1″ to 4″ of rain fell across the Brazos Valley over the weekend. More is expected next 48 hours
Localized 2″ to 4″ totals are not ruled out under the strongest thunderstorms
BRYAN, Texas (KBTX) - A wild weekend of weather for the Brazos Valley. Fast-forming severe thunderstorms pummeled parts of the area with measured 60 to 85mph wind gusts. Slow-moving activity, a nearby weather maker, and ample moisture produced a widespread 1″ to 2″ of rain for much of Central and Southeast Texas. Localized totals by Sunday night ran as high as 3″ to 4″ before the weekend came to an end.
WEEKEND RAINFALL TOTALS
Officially, College Station collected 1.07″ of rain at Easterwood Airport, while Bryan checked in with a total of 0.99″ at Coulter Field. Below is a list of rainfall totals from reporting stations and Weather Watchers across the Brazos Valley:
- Easterwood Airport (College Station): 1.07″
- Coulter Field (Bryan): 0.99″
- Steep Hollow (East Bryan): 1.50″
- Carter’s Crossing (College Station): 0.50″
- Wellborn: 1.20″
- Benchley: 4.25″
- Benchley: 3.84″
- Smetana: 0.63″
- Gibbons Creek: 1.17″
- Caldwell: 2.54″
- Somerville: 1.13″
- Hearne: 0.51″
- Navasota River at Highway 79 (Leon/Robertson County line): 2.33″
- North Zulch: 0.55″
- Brenham: 0.86″
- Dime Box: 1.21″
- Flynn: 2.34″
- Carlos: 2.70″
- Roans Prairie: 3.60″
- Stoneham: 1.84″
- Anderson: 0.83″
MORE RAIN IS EXPECTED MONDAY AND TUESDAY
An area of low pressure is slowly drifting through Central and Southeast Texas over the next 48 hours. Monday, this area of low pressure is expected to sit directly over the Brazos Valley. Tuesday, our part of the state will fall on the backside of this weather maker as it drifts either into Louisiana or to the southeast and into the Gulf of Mexico near Beaumont.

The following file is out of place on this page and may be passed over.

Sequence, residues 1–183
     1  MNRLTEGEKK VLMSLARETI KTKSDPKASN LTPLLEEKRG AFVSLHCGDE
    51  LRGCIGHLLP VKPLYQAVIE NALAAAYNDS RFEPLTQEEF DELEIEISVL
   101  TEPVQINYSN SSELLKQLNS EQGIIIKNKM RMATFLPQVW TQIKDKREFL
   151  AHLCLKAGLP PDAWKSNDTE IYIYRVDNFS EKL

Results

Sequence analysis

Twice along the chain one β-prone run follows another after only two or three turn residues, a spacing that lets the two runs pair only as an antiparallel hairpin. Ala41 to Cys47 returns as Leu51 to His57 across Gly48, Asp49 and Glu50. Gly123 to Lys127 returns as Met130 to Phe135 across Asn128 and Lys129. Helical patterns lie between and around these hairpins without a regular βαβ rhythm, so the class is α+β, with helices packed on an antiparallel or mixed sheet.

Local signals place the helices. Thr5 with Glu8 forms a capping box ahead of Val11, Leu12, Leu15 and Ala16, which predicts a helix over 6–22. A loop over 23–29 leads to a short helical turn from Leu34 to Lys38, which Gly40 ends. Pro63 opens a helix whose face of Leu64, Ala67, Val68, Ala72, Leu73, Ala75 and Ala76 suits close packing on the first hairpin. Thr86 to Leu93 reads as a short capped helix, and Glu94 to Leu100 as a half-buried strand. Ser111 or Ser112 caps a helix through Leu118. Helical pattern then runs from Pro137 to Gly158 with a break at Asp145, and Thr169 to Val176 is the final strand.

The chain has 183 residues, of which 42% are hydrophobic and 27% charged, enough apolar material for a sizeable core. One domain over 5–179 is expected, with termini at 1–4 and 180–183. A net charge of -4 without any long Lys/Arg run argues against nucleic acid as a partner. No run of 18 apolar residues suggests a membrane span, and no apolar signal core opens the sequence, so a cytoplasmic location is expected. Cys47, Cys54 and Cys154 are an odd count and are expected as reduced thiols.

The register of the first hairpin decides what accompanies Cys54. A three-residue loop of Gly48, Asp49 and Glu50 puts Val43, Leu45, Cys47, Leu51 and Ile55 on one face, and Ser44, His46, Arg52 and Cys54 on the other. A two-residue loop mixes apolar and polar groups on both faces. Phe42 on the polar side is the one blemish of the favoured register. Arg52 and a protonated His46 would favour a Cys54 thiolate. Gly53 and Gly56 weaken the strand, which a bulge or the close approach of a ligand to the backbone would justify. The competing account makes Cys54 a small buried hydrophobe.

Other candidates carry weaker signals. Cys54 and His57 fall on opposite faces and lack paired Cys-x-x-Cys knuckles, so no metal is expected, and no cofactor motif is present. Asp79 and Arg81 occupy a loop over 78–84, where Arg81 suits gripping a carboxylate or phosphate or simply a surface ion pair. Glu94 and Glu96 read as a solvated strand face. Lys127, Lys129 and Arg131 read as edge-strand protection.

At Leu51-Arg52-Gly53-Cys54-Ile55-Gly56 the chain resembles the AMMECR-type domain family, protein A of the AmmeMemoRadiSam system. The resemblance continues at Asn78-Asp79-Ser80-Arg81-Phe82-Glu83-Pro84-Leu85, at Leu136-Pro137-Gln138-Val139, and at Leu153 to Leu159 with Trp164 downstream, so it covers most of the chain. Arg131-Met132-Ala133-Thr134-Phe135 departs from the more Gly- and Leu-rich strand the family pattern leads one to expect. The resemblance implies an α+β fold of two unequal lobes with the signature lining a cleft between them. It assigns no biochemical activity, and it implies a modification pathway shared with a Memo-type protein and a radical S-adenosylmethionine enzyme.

Considering the widely scattered nature of this expected rainfall -- 50% coverage Monday, 40% coverage Tuesday -- rainfall totals will continue to be highly uneven. The general idea is those that find rain overhead should manage to collect anywhere from 0.5″ to 1″ of rain over the next 48 hours. Stronger thunderstorms, however, will have the ability to put down a quick 2″ to 4″ inches in select areas. Slow-or-stationary storm motions coupled with ample moisture and this neighborhood rainmaker will aid in the ability to see these higher totals. Between the short duration of the heavy rain and saturated grounds, localized low-lying and street flood concerns continue through mid-week.
The Weather Prediction Center -- part of the National Weather Service -- has much of Texas outlined in a 1 out of 4 risk for Excessive Rainfall.
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